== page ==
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Naked Neck/Turken Thread - Page 1490

post #14891 of 18931
Quote:
Originally Posted by Kassaundra View Post
 

Here are pics of my 4 boys at the top of my need to decide list (who stays as head and who stays long enough to hatch eggs from)

 

 

I LOVE how dark fm this boy is, he is also the slightest build of all the roos.  Even though he is smaller I am really thinking about penning him w/ the fm girls and hatching eggs, and quite possibly keeping him as a secondary roo????

You have such beautiful birds - and I though I had it tough with my more simple choices between cockerels. THIS bird I find absolutely STUNNING!!!! (If you don't end up keeping him, I will DRIVE to where you are and adopt him from you!!!!!!!)

 

- Ant Farm 

post #14892 of 18931

Week 11, weighing day. Bane's growth curve has finally crossed Tanks - it's so interesting how his growth has taken such a different shape than the others (his is the light blue line). I am watching them all - nothing wrong with him per se, and he's not a jerk, but he just doesn't seem as engaged with the rest of the flock like the others. Like, loner-dude - maybe I should have named him "Batman"? (Also, not sure I want anything but straight combs - he has a rose comb, weirdly). Numbers-wise, the boys are all between about 3.5 to 4 lbs at 11 weeks, and the girls are 2.3 to 2.8 lbs. They continue to split off in size based on gender. 

 

I finally got the rafters up on the coop. Seems minor, but cutting and shaping was a TOTAL POA and took forever. Purlins next, and I bought the roof panels today so that I can install them tomorrow. (In between cooking turkey...)

 

(I'll cross-post on Breeding for Production - apologies in advance to those of you who haunt both.)

 

- Ant Farm 

post #14893 of 18931
Quote:
Originally Posted by Fire Ant Farm View Post
 

Week 11, weighing day. Bane's growth curve has finally crossed Tanks - it's so interesting how his growth has taken such a different shape than the others (his is the light blue line). I am watching them all - nothing wrong with him per se, and he's not a jerk, but he just doesn't seem as engaged with the rest of the flock like the others. Like, loner-dude - maybe I should have named him "Batman"? (Also, not sure I want anything but straight combs - he has a rose comb, weirdly). Numbers-wise, the boys are all between about 3.5 to 4 lbs at 11 weeks, and the girls are 2.3 to 2.8 lbs. They continue to split off in size based on gender.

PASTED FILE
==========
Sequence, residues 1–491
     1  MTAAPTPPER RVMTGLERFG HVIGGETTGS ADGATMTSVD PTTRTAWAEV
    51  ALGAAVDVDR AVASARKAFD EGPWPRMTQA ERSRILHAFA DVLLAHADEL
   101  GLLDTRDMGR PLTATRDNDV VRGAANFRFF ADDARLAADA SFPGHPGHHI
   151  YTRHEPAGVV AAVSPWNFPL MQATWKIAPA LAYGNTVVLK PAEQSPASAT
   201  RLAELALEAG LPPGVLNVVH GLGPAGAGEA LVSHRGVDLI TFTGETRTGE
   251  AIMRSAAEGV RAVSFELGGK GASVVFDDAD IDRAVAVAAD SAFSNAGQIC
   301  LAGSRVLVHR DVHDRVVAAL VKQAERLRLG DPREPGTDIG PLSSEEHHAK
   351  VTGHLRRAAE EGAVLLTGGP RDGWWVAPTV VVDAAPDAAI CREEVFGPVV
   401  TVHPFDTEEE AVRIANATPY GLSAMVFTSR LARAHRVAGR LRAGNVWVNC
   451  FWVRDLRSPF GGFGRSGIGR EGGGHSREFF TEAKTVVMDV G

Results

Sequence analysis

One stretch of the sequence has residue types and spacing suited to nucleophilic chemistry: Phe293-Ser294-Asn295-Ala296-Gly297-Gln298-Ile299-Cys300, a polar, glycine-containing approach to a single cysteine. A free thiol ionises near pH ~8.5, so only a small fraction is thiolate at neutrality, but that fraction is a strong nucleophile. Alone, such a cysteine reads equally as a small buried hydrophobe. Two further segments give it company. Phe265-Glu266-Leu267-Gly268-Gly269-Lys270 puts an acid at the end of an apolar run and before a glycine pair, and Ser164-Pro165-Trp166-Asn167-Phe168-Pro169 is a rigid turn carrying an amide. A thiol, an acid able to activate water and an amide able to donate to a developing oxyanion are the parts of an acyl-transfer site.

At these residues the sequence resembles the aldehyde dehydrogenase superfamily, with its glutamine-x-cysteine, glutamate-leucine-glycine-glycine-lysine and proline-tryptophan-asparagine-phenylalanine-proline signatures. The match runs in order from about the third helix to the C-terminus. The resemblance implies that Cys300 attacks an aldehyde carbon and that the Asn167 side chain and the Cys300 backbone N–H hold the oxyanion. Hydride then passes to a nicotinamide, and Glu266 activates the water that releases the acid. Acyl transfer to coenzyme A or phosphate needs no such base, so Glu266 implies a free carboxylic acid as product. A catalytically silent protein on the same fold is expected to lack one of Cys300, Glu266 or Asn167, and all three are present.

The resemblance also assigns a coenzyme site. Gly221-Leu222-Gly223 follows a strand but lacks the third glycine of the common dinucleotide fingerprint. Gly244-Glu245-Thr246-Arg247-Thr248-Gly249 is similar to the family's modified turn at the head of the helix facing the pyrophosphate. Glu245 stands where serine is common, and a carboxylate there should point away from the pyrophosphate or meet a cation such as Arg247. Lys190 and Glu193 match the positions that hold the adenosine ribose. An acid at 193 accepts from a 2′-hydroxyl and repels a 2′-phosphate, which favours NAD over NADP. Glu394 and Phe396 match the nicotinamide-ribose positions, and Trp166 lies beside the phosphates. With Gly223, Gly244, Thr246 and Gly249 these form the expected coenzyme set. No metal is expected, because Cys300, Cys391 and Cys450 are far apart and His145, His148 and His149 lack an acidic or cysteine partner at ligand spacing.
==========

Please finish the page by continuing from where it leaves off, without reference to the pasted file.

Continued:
I finally got the rafters up on the coop. Seems minor, but cutting and shaping was a TOTAL POA and took forever. Purlins next, and I bought the roof panels today so that I can install them tomorrow. (In between cooking turkey...)

 

(I'll cross-post on Breeding for Production - apologies in advance to those of you who haunt both.)

 

- Ant Farm 


Interesting, first biggest isn't always biggest, biggest.  Though I guess if you want big faster Tank's genetics could potentiate down the line into boys that can be culled bigger earlier.

Let's take care of the Earth, it is the only planet we know for sure has chocolate.

 

"Never cruel nor cowardly, never give up never give in"
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post #14894 of 18931
Quote:
Originally Posted by Kassaundra View Post
 


Interesting, first biggest isn't always biggest, biggest.  Though I guess if you want big faster Tank's genetics could potentiate down the line into boys that can be culled bigger earlier.


Yes, I was thinking this re: Tank, because the purpose of this flock that I'm establishing will be for meat, so fast growth will be important along with size. Interestingly, the angles of the growth curves are mostly parallel between the boys EXCEPT Banes which really took off at 5 weeks, which makes me wonder what's up with his background, or if he is more particularly suited to thrive outside vs. in the brooder. I wasn't even sure he was a boy at first (I blame the rose comb). He crows every morning now (call and response with Dumbledore the Cream Legbar, who has a lovely musical crow and seems insistent on "showing him how its done". Bane's slowly getting better...)

 

I really like Tank. He's sort of doing the "gentle giant" thing, and is not picking on the girls (or anyone)...

 

- Ant Farm 


Edited by Fire Ant Farm - 11/25/15 at 3:21pm
post #14895 of 18931
Quote:
Originally Posted by Fire Ant Farm View Post
 


Yes, I was thinking this re: Tank, because the purpose of this flock that I'm establishing will be for meat, so fast growth will be important along with size. Interestingly, the angles of the growth curves are mostly parallel between the boys EXCEPT Banes which really took off at 5 weeks, which makes me wonder what's up with his background, or if he is more particularly suited to thrive outside vs. in the brooder. I wasn't even sure he was a boy at first (I blame the rose comb). He crows every morning now (call and response with Dumbledore the Cream Legbar, who has a lovely musical crow and seems insistent on "showing him how its done". Bane's slowly getting better...)